Closing Guantanamo Remains a Priority

Following the White House announcement regarding the suspension of detainee transfers from Guantanamo to Yemen, Human Rights First issued this statement urging that closing the detention facility should remain a priority – and is key to ensuring U.S. national security. We also have a petition running to urge that the detention facility is closed – sign here.

In light of recent development, Human Rights First recommends:

The Obama administration should press ahead in identifying third countries
willing to accept the Yemeni detainees cleared for release and, at the same time
continue to work closely with Yemeni officials to address current security
concerns and to minimize potential risk before reinstating transfers there. With
all transfers the administration can and should take steps to mitigate risk by
focusing on expanding risk assessment efforts, monitoring, and other security
programs, including allotting of sufficient resources to successfully
reintegrate former detainees.

This Monday, January 11, marks the eighth anniversary of the first transfer to the Guantanamo detention facility. Human Rights First has pulled together the data about what has happened over those eight years – see below for our rendering of Guantanamo by the numbers.

Guantánamo by the Numbers

First detainees brought to Guantánamo: January 11, 2002[2]

Number of detainees currently held at Guantánamo: 198

Total number of detainees ever incarcerated at Guantánamo: 779[4]

Total number of detainees released from Guantánamo: 575, with about 525 repatriated.[5]

Detainees who have won their habeas corpus petitions that federal judges have determined are unlawfully held: 33

Detainees who have lost their habeas corpus petitions: Nine

Detainees approved for release by the Obama Administration: 116

Transfers Out of Guantánamo Since President Obama Took Office: 42

Number of countries that Guantánamo detainees have been transferred to, from the Middle East, Europe, Asia, Africa, Australia, and the Caribbean: 44.[10]

Detainees Sent to the U.S. for trial: One. Ahmed Ghailani was transferred June 9, 2009[11].

Five detainees, including alleged mastermind of the 9/11 attacks Khalid Sheik Mohammed, will be transferred to New York for trial in federal court.[12]

Detainees released by the Bush Administration: More than 500[13]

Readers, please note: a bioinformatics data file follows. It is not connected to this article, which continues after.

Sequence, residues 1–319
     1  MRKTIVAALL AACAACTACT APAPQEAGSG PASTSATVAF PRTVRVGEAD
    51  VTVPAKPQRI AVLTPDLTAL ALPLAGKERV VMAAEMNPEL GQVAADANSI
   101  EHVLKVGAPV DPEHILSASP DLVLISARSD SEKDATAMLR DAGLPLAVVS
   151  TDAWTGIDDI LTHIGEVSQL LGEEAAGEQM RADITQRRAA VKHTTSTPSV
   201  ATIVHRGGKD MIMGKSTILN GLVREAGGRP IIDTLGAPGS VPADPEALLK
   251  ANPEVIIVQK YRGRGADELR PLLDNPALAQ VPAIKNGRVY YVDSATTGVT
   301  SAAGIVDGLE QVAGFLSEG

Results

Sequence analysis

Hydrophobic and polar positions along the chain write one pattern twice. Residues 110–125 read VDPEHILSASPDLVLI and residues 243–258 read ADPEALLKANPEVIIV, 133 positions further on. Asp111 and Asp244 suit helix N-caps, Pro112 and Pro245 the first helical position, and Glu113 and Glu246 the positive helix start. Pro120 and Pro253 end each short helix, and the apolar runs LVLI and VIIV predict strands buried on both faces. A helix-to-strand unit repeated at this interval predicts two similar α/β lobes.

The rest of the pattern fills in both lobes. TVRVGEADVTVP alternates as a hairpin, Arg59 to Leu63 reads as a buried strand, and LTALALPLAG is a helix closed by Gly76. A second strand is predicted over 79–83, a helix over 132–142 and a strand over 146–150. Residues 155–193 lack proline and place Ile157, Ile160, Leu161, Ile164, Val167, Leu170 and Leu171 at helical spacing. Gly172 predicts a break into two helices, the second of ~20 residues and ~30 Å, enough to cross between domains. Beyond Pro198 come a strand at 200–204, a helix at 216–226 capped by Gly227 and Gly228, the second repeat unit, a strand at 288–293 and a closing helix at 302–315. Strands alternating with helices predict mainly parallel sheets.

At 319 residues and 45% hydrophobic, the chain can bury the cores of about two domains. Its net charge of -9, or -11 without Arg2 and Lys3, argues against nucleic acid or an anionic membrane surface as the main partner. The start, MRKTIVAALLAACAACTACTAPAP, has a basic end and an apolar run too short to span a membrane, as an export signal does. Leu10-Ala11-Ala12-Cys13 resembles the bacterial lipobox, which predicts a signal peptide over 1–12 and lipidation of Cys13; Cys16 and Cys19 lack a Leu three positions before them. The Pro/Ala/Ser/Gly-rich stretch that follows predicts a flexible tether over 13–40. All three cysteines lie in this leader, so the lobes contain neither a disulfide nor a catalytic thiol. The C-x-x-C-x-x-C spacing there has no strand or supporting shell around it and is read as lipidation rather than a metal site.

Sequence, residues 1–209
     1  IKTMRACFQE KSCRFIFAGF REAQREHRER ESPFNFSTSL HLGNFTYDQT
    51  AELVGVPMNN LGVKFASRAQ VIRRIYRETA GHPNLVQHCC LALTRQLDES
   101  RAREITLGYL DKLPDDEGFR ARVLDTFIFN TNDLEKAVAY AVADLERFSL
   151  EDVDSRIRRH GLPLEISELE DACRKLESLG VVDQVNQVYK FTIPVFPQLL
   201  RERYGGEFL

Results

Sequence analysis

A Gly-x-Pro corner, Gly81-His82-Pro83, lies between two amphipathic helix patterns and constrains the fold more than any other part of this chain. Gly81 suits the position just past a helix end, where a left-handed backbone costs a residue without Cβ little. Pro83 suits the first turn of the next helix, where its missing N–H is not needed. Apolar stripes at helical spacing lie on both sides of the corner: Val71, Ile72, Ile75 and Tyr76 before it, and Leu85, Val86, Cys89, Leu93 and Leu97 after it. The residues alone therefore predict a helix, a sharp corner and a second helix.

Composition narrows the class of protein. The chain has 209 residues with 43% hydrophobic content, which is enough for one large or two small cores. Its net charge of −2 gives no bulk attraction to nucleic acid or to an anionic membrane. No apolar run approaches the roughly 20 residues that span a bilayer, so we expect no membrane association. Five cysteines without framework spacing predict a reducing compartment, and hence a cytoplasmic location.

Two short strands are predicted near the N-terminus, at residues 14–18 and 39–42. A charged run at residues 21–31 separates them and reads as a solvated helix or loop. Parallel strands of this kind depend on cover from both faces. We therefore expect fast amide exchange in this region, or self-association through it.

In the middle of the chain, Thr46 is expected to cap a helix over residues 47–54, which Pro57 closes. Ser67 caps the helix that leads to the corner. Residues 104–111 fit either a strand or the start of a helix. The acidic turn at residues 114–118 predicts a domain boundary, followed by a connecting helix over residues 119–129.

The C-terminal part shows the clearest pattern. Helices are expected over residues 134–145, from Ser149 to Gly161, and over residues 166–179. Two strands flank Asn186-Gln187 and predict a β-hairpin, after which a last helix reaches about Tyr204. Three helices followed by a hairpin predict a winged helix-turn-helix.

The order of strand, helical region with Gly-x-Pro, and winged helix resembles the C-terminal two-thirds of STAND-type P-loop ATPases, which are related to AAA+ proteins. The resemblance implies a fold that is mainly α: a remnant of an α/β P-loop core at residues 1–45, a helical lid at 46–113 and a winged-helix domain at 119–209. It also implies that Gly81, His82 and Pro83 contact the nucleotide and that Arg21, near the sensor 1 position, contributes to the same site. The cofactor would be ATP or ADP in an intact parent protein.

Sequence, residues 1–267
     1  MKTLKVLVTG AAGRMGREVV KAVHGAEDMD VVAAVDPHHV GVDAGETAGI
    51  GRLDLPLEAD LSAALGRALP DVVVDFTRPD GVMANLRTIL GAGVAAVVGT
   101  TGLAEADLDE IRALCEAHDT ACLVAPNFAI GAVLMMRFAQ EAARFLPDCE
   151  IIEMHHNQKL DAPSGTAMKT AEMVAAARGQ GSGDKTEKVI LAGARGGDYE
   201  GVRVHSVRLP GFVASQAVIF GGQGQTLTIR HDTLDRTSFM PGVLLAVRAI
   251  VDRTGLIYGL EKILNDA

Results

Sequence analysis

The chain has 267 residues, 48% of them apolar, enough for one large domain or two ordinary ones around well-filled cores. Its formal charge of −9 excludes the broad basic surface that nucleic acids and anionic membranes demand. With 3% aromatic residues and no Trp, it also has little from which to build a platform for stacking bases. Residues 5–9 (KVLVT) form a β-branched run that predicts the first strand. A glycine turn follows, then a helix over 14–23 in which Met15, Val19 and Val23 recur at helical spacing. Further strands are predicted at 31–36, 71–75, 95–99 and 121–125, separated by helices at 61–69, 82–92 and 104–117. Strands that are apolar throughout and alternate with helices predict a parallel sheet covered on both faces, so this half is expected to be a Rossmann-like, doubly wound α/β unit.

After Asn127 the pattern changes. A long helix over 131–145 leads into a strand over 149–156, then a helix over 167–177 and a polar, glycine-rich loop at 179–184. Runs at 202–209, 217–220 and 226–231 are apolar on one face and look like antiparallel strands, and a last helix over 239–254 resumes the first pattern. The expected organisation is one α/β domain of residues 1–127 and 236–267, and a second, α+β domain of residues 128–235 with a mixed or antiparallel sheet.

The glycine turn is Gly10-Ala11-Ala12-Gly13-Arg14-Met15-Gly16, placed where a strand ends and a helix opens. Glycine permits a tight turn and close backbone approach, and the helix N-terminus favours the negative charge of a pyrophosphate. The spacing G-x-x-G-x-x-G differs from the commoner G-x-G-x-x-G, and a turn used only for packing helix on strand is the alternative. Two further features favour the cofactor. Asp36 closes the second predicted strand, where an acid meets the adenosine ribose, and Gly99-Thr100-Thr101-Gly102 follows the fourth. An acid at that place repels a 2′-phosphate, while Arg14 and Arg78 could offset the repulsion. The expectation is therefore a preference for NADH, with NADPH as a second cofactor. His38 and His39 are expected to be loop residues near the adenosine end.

Chinese Uighurs released from Guantánamo: Five were transferred to Albania and ten have been sent to the islands of Palau and Bermuda. Seven remain at Guantánamo[14].

Yemenis released from Guantánamo: 19 of the approximately 100 who have been detained at Guantánamo have been released[15].

Prisoners who have died at Guantánamo: Six. Two Saudis and a Yemeni were found hanging simultaneously in June 2006; another Saudi, was found hanging in May 2007; an Afghan man died of colon cancer in December 2007; and a Yemeni man was found dead of alleged suicide June 1, 2009.

Last known arrival: Muhammed Rahim al Afghani, described as a high-level al Qaeda captive, on March 14, 2008.

Last known departures announced December 20, 2009: Twelve detainees transferred to Afghanistan, Yemen and the Somaliland region.[18]
ate Military Commissions first established, by military order: November 13, 2001[19]

Number of times Military Commissions re-vamped: Three times, with one contested.[20]

Captives convicted by Military Commission: Three. David Hicks under a plea agreement, now free in his native Australia. Salim Hamdan of Yemen, who was sentenced to 66 months, with credit for time served, was released in January 2009 to live with his family.[21].

Ali Hamza al Bahlul, also of Yemen, was sentenced to life, after his refusal to take part in the trial.[22]

Cases involving detainee rights that have gone before the U.S. Supreme Court: Five.
Times Supreme Court justices have sided with the detainees: Four (Fifth is pending this session.)

International terrorists convicted in U.S. Federal Courts between 9/11/01 and 7/09: 195.
Convicted terrorists currently being held in U.S. prisons: 355, including 216 international terrorists, and 139 domestic terrorists.[26]

Number of convicted international terrorists who have escaped from any part of the federal prison system: ZERO.[27]

[1] Updated on January 6, 2009


Published on January 6, 2010


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